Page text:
4.1

Size vs spectral slope distribution: Individual families

The plots of spectral slopes vs. diameters are shown in Fig. 7 and 8. A relationship between spectral slopes and diameters seems to exist for only three of the nine families we studied. In the Anchises and Panthoos families, smaller objects have redder spectra, while for the 1986 WD family larger objects have the redder spectra. Moroz et al. (2004) have shown that ion irradiation on natural complex hydrocarbons gradually neutralizes the spectral slopes of these red organic solids. If the process studied by Moroz et al. (2004) occurred on the surface of Jupiter Trojans, the objects having redder spectra have to be younger than those characterized by bluish-neutral spectra. In this scenario the largest and spectrally reddest objects of the 1986 WD family could come from the interior of the parent body and expose fresh material. In the case of the 14

Anchises and Panthoos families the spectrally reddest members, being the smallest, could come from the interior of the parent body, or alternatively could be produced by more recent secondary fragmentations. In particular, small family members may be more easily resurfaced, as significant collisions (an impactor having a size greater than a few percent of the target), as well as seismic shaking and recoating by fresh dust, may occur frequently at small sizes. [FIGURE 9]

4.2

Size vs slope distribution: The Trojan population as a whole

[TABLE 6] As compared to the data available in literature, our sample strongly contributed to the analysis of fainter and smaller Trojans, with estimated diameters smaller than 50 km. Jewitt & Luu (1990), analyzing a sample of 32 Trojans, found that the smaller objects were redder than the bigger ones. However, our data play against the existence of a possible color-dimension trend. In fact, the spectral slope’s range of the objects smaller than 50 km is similar to that of the larger Trojans, as shown in Fig. 9. The Eurybates family strongly contributes to the population of small spectrally neutral objects, filling the region of bodies with mean diameter D<40 km and with spectral slopes smaller than 3 %/103 ˚. A In order to carry out a complete analysis of the spectroscopic and photometric characteristics of the whole available data set on Jupiter Trojans, we considered all the visible spectra published in the literature: Jewitt & Luu (1990, 32 objects), Fitzimmons et al. (1994, 3 objects), Bendjoya et al. (2004, 34 objects), Fornasier et al. (2004a, 26 L5 objects), and Dotto et al. (2006, 24 L4 Trojans). We also add several Trojans spectra (11 L4 and 3 L5 Trojans) from the files available on line (Planetary data System archive, pdssbn.astro.umd.edu, and www.daf.on.br/∼lazzaro/S3OS2-Pub/s3os2.htm) from the SMASS I, SMASS II and S3OS2 surveys (Xu et al., 1995; Bus & Binzel, 2003; Lazzaro et al., 2004). Including all these data, we compile a sample of 142 different Trojans, 68 belonging to the L5 cloud and 74 belonging to the L4. We performed the taxonomic classification of this enlarged sample, on the basis of the Dahlgren and Lagerkvist (1995) scheme, by analyzing spectral slopes computed in the range 5500-8000 ˚. Different authors, A of course, considered different spectral ranges for their own slope gradient evaluations: Jewitt & Luu (1990) and Fitzimmons et al. (1994) use the 4000-7400 ˚ and Bendjoya et al. (2004, Table 2) used a slightly different A 15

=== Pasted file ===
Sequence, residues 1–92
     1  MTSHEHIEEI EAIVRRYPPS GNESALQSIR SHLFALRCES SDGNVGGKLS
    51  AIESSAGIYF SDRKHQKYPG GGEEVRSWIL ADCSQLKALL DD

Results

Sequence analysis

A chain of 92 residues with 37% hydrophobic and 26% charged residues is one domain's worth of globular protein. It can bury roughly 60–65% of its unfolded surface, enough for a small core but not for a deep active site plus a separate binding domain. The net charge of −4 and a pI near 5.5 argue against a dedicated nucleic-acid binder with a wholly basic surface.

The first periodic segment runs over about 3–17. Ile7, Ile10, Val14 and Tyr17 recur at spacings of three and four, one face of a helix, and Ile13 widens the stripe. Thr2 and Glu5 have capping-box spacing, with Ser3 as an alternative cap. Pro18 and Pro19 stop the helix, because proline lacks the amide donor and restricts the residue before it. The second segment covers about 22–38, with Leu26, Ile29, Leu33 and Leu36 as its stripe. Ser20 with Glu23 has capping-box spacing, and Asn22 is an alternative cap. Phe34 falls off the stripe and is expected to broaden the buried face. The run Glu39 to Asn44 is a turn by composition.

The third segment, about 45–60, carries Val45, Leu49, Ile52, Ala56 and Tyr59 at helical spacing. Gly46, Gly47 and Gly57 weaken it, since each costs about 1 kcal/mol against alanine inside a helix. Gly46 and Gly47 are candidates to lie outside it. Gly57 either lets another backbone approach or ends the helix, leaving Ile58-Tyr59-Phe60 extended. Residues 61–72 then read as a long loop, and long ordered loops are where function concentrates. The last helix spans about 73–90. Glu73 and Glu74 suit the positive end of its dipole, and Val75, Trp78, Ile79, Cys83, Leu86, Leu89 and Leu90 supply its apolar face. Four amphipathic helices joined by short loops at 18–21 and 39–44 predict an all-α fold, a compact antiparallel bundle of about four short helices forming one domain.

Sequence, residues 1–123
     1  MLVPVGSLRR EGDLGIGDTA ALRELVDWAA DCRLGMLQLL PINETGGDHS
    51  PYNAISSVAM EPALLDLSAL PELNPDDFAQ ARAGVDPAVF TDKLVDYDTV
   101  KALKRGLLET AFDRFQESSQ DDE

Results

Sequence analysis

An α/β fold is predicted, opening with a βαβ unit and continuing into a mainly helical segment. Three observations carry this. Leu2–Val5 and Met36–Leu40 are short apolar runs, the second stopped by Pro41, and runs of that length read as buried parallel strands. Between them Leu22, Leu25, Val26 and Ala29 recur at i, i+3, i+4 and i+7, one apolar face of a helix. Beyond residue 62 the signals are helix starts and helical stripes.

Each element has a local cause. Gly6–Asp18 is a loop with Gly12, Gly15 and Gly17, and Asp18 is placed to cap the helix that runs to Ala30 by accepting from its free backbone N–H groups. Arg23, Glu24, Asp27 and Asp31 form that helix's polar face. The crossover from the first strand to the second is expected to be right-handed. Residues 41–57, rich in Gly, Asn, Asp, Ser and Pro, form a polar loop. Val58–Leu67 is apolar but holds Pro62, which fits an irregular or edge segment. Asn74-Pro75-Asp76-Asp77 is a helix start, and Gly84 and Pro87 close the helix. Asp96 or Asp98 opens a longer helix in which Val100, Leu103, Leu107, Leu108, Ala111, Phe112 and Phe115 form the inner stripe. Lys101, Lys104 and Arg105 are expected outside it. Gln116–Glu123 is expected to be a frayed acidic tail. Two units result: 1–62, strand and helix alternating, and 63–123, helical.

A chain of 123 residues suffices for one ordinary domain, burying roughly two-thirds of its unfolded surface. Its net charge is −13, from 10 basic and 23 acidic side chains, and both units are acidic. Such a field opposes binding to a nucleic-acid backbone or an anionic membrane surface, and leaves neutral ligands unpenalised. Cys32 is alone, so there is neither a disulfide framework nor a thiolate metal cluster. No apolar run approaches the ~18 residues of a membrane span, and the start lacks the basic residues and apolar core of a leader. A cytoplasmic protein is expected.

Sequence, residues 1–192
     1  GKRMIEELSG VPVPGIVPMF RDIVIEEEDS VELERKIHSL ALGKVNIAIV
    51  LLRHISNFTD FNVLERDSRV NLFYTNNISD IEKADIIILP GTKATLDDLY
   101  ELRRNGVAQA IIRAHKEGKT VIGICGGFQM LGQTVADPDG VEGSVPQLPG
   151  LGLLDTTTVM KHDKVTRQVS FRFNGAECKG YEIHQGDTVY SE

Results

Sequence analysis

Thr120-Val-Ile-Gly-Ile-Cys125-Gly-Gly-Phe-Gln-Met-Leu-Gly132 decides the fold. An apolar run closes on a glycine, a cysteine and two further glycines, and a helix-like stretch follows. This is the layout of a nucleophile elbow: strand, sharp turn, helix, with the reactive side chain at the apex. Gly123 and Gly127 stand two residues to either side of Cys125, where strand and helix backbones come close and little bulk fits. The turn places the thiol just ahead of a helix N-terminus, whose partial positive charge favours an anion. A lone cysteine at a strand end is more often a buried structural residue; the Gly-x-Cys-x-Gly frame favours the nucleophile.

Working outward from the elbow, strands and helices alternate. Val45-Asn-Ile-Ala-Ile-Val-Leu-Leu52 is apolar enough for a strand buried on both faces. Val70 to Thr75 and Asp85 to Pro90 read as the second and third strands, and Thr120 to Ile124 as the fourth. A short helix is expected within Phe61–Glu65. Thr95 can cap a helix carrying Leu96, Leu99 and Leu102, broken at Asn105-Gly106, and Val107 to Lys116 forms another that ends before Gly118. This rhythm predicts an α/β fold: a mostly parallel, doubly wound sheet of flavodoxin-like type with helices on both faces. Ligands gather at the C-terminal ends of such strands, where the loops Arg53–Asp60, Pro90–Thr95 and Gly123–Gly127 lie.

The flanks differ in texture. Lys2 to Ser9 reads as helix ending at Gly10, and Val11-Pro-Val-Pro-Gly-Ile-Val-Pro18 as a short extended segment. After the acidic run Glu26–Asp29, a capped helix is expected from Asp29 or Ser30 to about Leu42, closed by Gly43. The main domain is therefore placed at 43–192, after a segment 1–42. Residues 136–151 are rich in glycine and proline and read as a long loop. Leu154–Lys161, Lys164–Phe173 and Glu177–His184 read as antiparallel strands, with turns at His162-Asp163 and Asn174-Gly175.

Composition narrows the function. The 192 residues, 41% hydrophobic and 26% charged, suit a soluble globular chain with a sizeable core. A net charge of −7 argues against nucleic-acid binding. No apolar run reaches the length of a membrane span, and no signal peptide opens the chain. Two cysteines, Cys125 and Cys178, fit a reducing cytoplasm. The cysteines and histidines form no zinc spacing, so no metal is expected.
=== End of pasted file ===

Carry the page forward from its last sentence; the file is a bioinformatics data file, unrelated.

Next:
ranges around 5200-7500 ˚. Since all the cited papers show spectra with linA ear featureless trends, the different wavelength ranges used for the spectral gradient computation by Bendjoya et al. (2004) and Jewitt & Luu (1990) are not expected to influence the obtained slopes. In order to search for a dependency of the spectral slope distribution with the size of the objects, all observations (from this paper as well as from the literature) were combined. The objects were isolated in 5 size bins (smaller than 25 km, 25–50 km, 50–75 km, 75-100 km and larger than 100 km). Each bin contains between 20 and 50 objects. These subsamples are large enough to be compared using classical statistical tests: the t-test, which estimates if the mean values are compatible, the f-test, which checks if the widths of the distributions are compatible (even if they have different means), and the KS test, which compares directly the full distributions. A probability is computed for each test; a small probability indicates that the tested distributions are not compatible, i.e. the objects are not randomly extracted from the same population, while a large probability value has no meaning (i.e. it is not possible to assure that both samples come from the same population, we can just say in that case that they are not incompatible). In order to quantify the probability levels that we consider as significant, the same tests were run on randomized distributions (see Hainaut & Delsanti 2002 for the method). Since probability lower than 0.04-0.05 does not appear in these randomized distributions, we consider that values smaller than 0.05 indicate a significant incompatibility. Each sub-sample was compared with the four others – the results are summarized in Table 6. The average slope of the 5 bins are all compatible among each other. The only marginally significant result is that the width of the slope distribution among the larger objects (diam. > 100 km) is narrower than that of all the smaller objects. This narrower color distribution could be due to the aging processes affecting the surface of bigger objects, which are supposed to be older. The wider color distribution of small members is possibly related to the different ages of their surfaces: some of them could be quite old, while some other could have been recently refreshed.